The Department for Transport (DFT) has confirmed that 2010 was a record year for road casualties ……..the lowest number since records began in 1926.
Before the ‘celebrations’ begin it has to be remembered that while 1,857 road deaths is a very welcome and dramatic reduction on previous years, it still represents a huge amount of pain, suffering and grief to the families and friends of those concerned, a very significant drain of the nation’s resources and a most terrible waste of human life.
Road accidents were once described as the ‘Biggest Epidemic of our Time’ and are still one of the major causes of death and injury on our planet.
Worldwide someone is killed or seriously injured on the road every 6 seconds and indeed the United Nations consider the matter so serious it has launched a ‘Decade of Road Safety’ in an attempt to reduce the number of tragedies on the world’s roads.
In the UK a person aged between 15 and 24 is 17 times more likely to be killed in a road crash compared to being fatally assaulted with a weapon, yet publicity regarding the latter is far more ‘headline grabbing’ than road accidents.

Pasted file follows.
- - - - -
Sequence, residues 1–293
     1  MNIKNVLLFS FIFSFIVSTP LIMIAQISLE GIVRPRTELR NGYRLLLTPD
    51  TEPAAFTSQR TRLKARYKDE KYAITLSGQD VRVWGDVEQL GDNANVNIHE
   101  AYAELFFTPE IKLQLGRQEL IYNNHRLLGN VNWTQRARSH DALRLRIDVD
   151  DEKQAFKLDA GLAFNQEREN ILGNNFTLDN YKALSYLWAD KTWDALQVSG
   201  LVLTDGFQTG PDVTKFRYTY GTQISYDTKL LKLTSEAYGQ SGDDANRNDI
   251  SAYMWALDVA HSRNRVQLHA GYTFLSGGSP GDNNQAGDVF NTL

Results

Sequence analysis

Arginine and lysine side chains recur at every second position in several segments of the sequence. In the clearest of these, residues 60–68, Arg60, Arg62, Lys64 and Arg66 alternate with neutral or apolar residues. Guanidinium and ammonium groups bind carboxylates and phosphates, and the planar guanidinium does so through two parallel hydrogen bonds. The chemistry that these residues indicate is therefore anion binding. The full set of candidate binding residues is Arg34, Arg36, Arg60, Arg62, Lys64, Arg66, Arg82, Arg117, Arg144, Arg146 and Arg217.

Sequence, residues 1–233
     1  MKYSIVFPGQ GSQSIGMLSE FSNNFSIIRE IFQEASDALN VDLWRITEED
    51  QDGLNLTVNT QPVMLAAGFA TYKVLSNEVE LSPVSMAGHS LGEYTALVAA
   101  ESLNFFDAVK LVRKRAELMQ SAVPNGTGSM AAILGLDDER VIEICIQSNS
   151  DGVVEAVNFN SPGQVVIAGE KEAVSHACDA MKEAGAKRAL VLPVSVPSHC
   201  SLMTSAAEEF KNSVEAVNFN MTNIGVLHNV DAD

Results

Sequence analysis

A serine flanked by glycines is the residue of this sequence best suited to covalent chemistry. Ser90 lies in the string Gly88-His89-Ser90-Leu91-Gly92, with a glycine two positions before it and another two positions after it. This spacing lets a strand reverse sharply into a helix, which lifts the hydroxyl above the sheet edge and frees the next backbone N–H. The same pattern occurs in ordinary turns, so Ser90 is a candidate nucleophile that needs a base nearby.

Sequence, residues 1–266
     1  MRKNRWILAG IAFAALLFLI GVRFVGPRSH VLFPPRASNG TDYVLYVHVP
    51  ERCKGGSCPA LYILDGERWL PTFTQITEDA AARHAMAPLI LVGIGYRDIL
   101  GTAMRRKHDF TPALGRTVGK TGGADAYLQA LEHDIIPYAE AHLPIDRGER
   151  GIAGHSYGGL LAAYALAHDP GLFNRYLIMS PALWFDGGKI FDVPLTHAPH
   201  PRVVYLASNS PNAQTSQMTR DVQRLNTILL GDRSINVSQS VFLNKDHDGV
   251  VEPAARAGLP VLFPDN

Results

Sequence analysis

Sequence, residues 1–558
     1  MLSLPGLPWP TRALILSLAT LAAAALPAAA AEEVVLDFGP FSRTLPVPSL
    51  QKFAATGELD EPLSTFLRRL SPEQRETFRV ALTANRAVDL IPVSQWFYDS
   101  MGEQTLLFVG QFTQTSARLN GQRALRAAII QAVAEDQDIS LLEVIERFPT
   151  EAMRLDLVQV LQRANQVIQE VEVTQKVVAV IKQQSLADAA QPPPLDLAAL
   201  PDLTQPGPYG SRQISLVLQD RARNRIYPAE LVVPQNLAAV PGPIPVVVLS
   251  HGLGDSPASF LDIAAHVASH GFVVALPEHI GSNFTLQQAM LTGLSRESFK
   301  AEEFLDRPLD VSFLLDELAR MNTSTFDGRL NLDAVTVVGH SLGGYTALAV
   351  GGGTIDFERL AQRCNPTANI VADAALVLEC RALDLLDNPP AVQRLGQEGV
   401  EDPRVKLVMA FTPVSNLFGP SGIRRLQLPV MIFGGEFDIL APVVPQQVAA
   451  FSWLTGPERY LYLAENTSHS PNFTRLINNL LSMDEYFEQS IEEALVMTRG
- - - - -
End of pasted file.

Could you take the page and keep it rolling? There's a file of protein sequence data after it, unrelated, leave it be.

All those involved in road safety can be justifiably proud of the reduction in casualties that have been achieved over recent years and indeed in the past 8 decades.
GEM was founded 80 years ago amidst a public outcry for action on road safety. A staggering 6,667 people died in road accidents in 1932. While it is impossible to say what definitive part GEM has played in the decline in the number of casualties it is certainly true that our efforts have helped.
GEM, like other road safety groups, can spare a brief moment of satisfaction that the casualty figures have fallen to a record low, however, there are still 1,857 compelling reasons why our work has to continue.